In the aftermath of the Ft. Hood shootings, Ralph Peters wrote an article that I thought was inflammatory and over the top. He blasted the army for ignoring the signs that Major Hasan was an Islamist threat, and blamed political correctness. But now that we know more, it appears that Peters was right on target.
Eugene Robinson, not exactly a right winger, has a column in today's Washington Post called, "Failing the Troops at Fort Hood." He points out some of the things the army chose to ignore.
According to published reports, Hasan told people of his serious doubts about the U.S. military campaigns in Iraq and Afghanistan. Hasan, a psychiatrist who had evaluated returning soldiers for stress-related disorders, made no secret of his reluctance to serve in the Afghan theater, where he was to be sent within weeks. According to ABC News, fellow Army doctors told superiors of their concern that Hasan felt divided allegiance -- both to the Muslims whom he felt were under attack and the country he had volunteered to serve.As Robinson notes,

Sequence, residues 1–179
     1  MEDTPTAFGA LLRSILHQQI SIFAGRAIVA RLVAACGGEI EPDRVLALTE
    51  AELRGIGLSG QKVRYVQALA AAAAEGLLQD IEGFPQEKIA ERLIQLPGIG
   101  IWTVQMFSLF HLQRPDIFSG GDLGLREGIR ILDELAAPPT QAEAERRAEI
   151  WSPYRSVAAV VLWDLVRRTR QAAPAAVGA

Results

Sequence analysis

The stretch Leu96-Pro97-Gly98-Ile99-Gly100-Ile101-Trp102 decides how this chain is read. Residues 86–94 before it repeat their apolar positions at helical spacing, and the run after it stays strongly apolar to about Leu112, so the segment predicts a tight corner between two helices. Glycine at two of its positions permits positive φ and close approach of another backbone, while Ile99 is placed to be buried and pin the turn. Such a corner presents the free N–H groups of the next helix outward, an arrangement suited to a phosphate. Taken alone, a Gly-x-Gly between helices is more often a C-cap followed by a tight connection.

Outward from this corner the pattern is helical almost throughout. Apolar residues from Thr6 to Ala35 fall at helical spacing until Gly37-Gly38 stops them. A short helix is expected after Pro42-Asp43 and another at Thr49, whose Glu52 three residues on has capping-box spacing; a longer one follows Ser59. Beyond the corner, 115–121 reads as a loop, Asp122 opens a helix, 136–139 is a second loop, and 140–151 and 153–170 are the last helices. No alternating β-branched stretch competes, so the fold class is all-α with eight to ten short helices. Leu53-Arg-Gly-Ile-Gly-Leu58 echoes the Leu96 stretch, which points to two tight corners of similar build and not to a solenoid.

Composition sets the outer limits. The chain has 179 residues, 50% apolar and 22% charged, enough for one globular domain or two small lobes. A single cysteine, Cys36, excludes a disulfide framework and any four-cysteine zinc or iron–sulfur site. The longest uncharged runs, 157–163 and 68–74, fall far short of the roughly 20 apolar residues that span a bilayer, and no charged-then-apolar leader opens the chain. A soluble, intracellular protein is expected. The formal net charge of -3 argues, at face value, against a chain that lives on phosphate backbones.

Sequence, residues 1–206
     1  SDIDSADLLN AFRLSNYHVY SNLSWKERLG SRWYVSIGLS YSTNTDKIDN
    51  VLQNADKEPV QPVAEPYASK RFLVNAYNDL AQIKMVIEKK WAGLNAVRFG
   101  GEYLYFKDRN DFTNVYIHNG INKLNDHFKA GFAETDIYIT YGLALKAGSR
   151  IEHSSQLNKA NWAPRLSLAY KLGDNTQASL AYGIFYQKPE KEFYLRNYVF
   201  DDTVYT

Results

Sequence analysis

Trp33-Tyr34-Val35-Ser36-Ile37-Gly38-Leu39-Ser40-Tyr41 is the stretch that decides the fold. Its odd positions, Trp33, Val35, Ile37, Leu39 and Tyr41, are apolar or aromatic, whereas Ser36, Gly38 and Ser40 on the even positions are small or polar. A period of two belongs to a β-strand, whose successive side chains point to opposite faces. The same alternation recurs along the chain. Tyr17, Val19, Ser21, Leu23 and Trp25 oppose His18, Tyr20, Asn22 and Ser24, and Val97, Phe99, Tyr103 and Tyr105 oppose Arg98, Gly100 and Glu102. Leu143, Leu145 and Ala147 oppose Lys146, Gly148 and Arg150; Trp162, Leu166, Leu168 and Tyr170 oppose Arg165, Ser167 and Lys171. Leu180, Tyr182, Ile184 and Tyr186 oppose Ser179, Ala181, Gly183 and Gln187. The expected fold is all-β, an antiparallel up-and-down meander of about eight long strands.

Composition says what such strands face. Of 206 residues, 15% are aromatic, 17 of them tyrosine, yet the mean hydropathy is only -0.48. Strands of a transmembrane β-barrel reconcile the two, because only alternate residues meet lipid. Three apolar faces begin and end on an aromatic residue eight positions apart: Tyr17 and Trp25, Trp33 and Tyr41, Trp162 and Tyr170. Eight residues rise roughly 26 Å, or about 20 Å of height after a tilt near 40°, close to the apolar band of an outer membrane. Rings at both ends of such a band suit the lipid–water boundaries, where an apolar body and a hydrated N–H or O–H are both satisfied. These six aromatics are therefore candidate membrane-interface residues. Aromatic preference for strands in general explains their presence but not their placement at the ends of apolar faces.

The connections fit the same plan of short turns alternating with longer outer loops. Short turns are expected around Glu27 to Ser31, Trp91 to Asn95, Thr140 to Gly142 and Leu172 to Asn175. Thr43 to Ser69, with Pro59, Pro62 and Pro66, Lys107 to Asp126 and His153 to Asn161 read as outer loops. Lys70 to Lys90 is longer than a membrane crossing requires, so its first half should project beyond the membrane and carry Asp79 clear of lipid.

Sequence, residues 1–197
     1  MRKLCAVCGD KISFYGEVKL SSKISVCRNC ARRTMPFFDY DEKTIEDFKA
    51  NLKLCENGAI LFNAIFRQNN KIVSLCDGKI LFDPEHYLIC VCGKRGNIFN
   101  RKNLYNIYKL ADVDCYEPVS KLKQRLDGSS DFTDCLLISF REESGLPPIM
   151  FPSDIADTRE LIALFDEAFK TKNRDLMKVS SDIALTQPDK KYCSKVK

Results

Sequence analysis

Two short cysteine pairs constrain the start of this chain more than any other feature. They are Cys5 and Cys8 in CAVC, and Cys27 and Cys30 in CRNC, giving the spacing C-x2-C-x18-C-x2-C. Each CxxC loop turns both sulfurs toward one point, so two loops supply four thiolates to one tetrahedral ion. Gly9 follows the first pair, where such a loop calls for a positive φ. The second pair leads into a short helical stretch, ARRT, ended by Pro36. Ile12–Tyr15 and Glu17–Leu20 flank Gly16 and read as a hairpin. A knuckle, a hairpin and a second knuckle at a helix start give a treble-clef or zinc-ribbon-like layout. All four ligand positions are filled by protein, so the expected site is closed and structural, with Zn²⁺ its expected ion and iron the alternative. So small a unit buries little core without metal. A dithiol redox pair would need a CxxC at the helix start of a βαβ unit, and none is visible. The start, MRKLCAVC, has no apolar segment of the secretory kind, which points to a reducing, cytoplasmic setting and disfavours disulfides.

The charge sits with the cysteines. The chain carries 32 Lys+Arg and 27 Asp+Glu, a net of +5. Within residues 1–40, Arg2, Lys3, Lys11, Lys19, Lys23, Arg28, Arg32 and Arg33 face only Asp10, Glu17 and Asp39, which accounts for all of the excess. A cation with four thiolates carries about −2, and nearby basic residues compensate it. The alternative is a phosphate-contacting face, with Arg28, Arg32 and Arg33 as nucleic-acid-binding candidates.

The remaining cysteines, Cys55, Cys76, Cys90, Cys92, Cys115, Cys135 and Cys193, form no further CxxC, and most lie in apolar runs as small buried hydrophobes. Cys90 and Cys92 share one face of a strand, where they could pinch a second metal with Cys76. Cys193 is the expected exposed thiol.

There's a difference between sensitivity and stupidity. If there were indeed signs that Maj. Nidal Hasan, the alleged Fort Hood mass murderer, was becoming radicalized in his opposition to the U.S. wars in Iraq and Afghanistan, the Army had a duty to act -- before he did.Exactly. The government seems to feel a need to bend over backward to avoid offending Muslims. By allowing politically correct "sensitivity" to trump basic sense, the army not only failed to prevent the Ft. Hood shooting, it also ensured that Muslim soldiers will now come under greater scrutiny and suspicion. It's rare that I recommend any articles by Eugene Robinson, but this one is an exception.